Cycling risks Olympics axe: senior IOC member

Cycling risks being ejected from the Olympic Games because of the consistent spate of drug scandals surrounding it, a senior European IOC member told AFP on Wednesday.

Cycling risks being ejected from the Olympic Games because of the consistent spate of drug scandals surrounding it, a senior European IOC member told AFP on Wednesday.

Speaking under condition of anonymity the IOC member, in the wake of the revelation that Kazakh rider Alexandre Vinokourov had failed a test for blood doping - possibly two according to a report - said that the constant spate of scandals had placed it in serious danger of being voted out at the 2009 session of the IOC in Copenhagen.

Aside from Vinokourov, the image of the sport has taken a huge battering with even the current yellow jersey leader Michael Rasmussen's integrity being questioned as it has been revealed he missed four random doping tests in the past two years.

Also several members of the former Telekom/T-Mobile team have admitted to doping including 1996 Tour de France champion Bjarne Riis - who has been stripped of the title - while all the winners since him have also had shrouds of doubt thrown over them. Jan Ullrich (1997) has denied he ever took drugs but was sacked by T-Mobile after being implicated in the Puerto scandal last year in Spain, the late Marco Pantani (1998) was thrown off the 1999 Tour of Italy after failing a blood test.

Seven-time Tour champion Lance Armstrong has been subject to several allegations - all denied vehemently by him - while last year's winner Floyd Landis failed a test during that race and is awaiting the verdict of his arbitration hearing against USADA. All this and more has taken the sport to the brink of seeing the IOC members lose their patience according to AFP's source.

"Cycling is now a serious point of concern among IOC members," he told AFP. "There is scandal after scandal and it is in serious danger of exiting the Olympics."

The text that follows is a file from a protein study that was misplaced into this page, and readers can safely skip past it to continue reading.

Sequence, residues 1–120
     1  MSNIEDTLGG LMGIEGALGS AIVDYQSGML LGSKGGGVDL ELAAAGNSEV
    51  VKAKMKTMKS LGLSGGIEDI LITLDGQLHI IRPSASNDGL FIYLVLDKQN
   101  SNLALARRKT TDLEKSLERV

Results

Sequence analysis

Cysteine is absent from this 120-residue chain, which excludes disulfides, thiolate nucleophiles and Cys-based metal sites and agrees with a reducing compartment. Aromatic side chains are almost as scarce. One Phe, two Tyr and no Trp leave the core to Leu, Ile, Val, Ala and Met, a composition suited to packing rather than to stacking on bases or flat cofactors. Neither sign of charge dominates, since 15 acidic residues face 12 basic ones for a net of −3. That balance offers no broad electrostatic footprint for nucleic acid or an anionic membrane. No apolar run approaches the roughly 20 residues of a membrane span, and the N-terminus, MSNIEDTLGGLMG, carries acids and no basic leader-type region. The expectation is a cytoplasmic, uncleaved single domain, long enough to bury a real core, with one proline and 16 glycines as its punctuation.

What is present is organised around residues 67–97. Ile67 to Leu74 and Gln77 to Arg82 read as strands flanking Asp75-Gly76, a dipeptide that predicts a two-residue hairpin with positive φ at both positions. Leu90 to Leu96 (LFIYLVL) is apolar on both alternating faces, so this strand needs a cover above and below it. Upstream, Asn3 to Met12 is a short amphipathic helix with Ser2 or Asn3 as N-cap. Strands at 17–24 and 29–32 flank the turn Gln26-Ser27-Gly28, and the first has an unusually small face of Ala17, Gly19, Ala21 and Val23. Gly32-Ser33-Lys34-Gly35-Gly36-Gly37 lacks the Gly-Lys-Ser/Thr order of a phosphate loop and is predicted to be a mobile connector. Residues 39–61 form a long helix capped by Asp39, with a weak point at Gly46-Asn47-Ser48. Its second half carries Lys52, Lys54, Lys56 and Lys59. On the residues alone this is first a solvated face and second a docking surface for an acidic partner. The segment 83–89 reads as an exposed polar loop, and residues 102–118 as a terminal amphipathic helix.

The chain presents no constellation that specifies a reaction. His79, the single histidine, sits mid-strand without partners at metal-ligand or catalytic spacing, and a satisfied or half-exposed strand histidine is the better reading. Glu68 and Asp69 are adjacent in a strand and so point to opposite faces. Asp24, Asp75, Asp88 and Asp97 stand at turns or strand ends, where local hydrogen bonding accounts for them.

He added that there were several sports - seen to be clean in the eyes of IOC members - who were lobbying hard for inclusion and could well supplant cycling as a sport at the global showpiece. "Softball, rugby and karate are seen to be clean sports and do not carry the dirt of doping in cycling.

"Cycling is dreadful for the image of the Olympic movement and the Games itself."

Were cycling to be ejected it would see it barred from the 2016 Summer Games and with a fight on its hands to regain admission for the 2020 edition.

The IOC member said that it was not all present International Cycling Union (UCI) president Pat McQuaid's fault, adding that the problem had been there well before under predecessor Hein Verbruggen - now head of the IOC's co-ordinating commission with Beijing for next year's Olympics.

Verbruggen was in charge when the infamous Festina scandal broke in 1998 and which saw a soigneur caught with a carload of drugs and ended in the elite team - including top climber Richard Virenque and Christophe Moreau - thrown out of the Tour de France. Verbruggen did not draw favourable comments when he spent the last half of that chaotic Tour on holiday in India and the IOC member told AFP that he should take some of the blame for the present state of affairs.

"Verbruggen has questions to answer from his term as president," he said. "The fall guy has been McQuaid and he is taking all the hits."

He added that it had been a certainty that cycling would come to such a stage of desperation. "The problem in the sport is endemic and it is getting worse and worse and worse.

"They tried to avoid everything that WADA (the World Anti-Doping Agency) said should be done, and they certainly didn't like the fact there was a new sheriff in town in the persona of Dick Pound (WADA supremo, who steps down later this year)."

Pound himself had blasted cycling earlier this month at the IOC Session in Guatemala declaring 'its credibility was in shreds'. "I don't know what the sport of cycling has to go through to shed this image," said the straight-talking Canadian lawyer. "They (UCI) have allowed it to get out of hand. First it was a denial of a problem, and saying that the positive doping cases were isolated incidents and now they accept that it is endemic and organised.

"Their credibility is in shreds. Networks are not interested and sponsors are diving out of the sport."

Pound, though, did give McQuaid guarded support. "The UCI has not done enough to date but at least they have now come to recognise this."

© AFP 2007

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